EXCERPTS FROM THE ARTICLE
Below are excperts from the April 24, 2018 JMORE feature on The Book of Joseph, written by Martha Thomas.
EVERYMAN THEATRE'S 'BOOK OF JOSEPH' OFFERS A LOCAL STORY WITH UNIVERSAL MEANING
As the curtain rises on “The Book of Joseph,” audiences find themselves transported to a bookstore in Baltimore. An author named Richard delivers a talk about his book chronicling the heart-wrenching tale of his relatives trapped in Nazi-occupied Poland.
The intergenerational family saga is told through a cache of letters and documents stamped with swastikas that were discovered by Richard (played by Bruce Nelson) in a dusty, old suitcase in the attic of his parents’ house.
“Then,” says Noah Himmelstein, who directs the production, “the whole space transforms into 1939 Krakow.”
Written by award-winning playwright Karen Hartman, “The Book of Joseph” is enjoying a homecoming of sorts. The play, which premiered last year at the Chicago Shakespeare Theater, is based on the real-life experiences of Guilford resident Richard S. Hollander and adapted from his 2007 book, “Every Day Lasts a Year: A Jewish Family’s Correspondence from Poland” (Cambridge University Press). The book was co-authored and edited by Christopher R. Browning and Nechama Tec.
A former Beth El Congregation president, Hollander, 69, is a journalist-turned-businessman. His family’s story, as related in his book and the play, began with a briefcase full of old letters from Eastern Europe discovered by accident in 1986 in the attic of Hollander’s late parents, Joseph and Vita.
“They are powerful, compelling letters of life under Nazi occupation,” Hollander told Jmore last year. “They all perished. Some went to Bergen-Belsen [concentration camp]. We believe some went to Auschwitz.”
The action in “The Book of Joseph” jumps from the United States to Poland and back again, from the 1930s and ‘40s to the present day, bringing together three generations of a family.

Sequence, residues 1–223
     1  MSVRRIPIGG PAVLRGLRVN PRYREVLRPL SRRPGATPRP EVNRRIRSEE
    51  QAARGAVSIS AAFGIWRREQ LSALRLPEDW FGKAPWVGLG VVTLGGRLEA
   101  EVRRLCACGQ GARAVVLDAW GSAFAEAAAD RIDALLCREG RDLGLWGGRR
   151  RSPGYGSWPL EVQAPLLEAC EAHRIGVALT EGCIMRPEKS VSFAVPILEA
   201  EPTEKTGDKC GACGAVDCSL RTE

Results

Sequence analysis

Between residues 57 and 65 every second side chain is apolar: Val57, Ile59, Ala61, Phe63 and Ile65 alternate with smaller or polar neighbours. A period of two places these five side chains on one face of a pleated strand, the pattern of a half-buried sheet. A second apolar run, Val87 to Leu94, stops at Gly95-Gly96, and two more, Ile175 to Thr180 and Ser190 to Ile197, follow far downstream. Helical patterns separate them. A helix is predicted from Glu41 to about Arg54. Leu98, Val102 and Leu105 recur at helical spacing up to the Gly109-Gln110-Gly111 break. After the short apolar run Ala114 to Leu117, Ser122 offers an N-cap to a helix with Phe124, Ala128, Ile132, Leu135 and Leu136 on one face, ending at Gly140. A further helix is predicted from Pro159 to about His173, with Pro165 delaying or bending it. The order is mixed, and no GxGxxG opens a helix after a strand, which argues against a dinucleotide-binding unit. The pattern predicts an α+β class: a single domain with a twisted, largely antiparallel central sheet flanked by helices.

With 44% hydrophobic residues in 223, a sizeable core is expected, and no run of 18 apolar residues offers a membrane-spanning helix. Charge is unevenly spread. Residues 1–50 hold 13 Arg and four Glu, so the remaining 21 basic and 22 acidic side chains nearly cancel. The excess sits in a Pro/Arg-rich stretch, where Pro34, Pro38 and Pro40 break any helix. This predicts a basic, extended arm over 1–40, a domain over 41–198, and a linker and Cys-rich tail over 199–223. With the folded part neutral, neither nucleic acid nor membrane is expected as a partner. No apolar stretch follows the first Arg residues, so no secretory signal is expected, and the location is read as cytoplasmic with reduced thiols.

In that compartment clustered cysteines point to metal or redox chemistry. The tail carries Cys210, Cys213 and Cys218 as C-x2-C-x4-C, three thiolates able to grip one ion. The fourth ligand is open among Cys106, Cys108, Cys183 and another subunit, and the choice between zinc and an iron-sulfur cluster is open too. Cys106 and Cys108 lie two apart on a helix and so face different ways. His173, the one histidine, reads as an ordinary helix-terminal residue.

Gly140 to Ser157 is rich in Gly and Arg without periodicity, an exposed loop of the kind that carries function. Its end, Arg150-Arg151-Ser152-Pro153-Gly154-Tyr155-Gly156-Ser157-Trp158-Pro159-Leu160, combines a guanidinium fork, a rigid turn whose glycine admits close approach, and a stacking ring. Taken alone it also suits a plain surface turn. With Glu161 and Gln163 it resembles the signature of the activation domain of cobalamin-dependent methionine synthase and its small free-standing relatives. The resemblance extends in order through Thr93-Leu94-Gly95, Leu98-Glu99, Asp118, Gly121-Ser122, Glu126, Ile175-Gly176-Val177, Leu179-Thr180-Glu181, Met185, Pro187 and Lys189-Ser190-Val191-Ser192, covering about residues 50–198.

The play’s universal themes, says Jonathan K. Waller, Everyman’s managing director, “be they refugee or immigration issues, or loved ones discovering their roots, are a minefield of opportunities for community engagement.”
That’s where Everyman’s community engagement department comes into the picture. The department, created in 2015, aims to compel audiences to think beyond the walls of the theater, says Waller.
“If 250 people at each performance are moved by an experience and then just walk out the door, it’s a missed opportunity,” he says.
Headed by Brian Francoise, the department finds local groups that help bring context to the theater’s productions. In the case of “The Book of Joseph,” that means taking the play’s local reference point and relatable themes beyond the theater by collaborating with area Jewish organizations and schools.
The Jewish Museum of Maryland is organizing an exhibition through June 3 called “Giving Voice to the Hollander Family.” The lobby display highlights the original letters discovered by Hollander, says Joanna Church, the museum’s collections manager.
The pieces of original correspondence give the play an expanded dimension, she says. “Looking at the letters, you see these people and personalities on paper,” Church says. “It really hammers home that this happened to real people, this is a real story.”
Everyman also is working with Reservoir Hill’s Beth Am Synagogue to present a forum on refugees and immigrants on May 17 connected to the play. The gathering, according to Beth Am Executive Director Ted Merwin, will feature a panel of professionals from organizations that work with vulnerable groups to discuss how the Hollander family’s circumstances resonate in today’s world.
“Remembering what Jews suffered in the Holocaust helps us to empathize with those experiencing trauma today,” says Merwin.
A large component of Everyman’s outreach is the theater’s schools program. Nearly 450 city high school students attend Everyman’s plays throughout the season. Students participate in workshops at their schools before attending a matinee performance of each play, followed by discussions with actors, directors and production workers, says Brianna McCoy, Everyman’s director of education.
“Many high school kids struggle with not feeling heard,” she says. “They’ll relate to the themes the play presents.”
Specific to this play is Everyman’s collaboration with the Baltimore City Community College Refugee Youth Project, a year-round program in city schools in which Everyman’s teaching artists guide students to contemplate how they view themselves in the world.
“It’s a chance for them to explore their own histories, what they would choose to pass down to future generations,” says Jared Earley, Everyman’s marketing and media relations manager.
Himmelstein says he felt personally connected to “The Book of Joseph” after his first reading of the play. At the time, he had recently lost three grandparents and was grateful he persuaded them to share their life stories before they passed away.
“I felt a connection with the main character, trying to piece together things he knew about his relatives,” Himmelstein says. “He’s trying to connect the dots of these letters and leads us in one direction and another. It’s what we all do when we try to make sense of history and family.”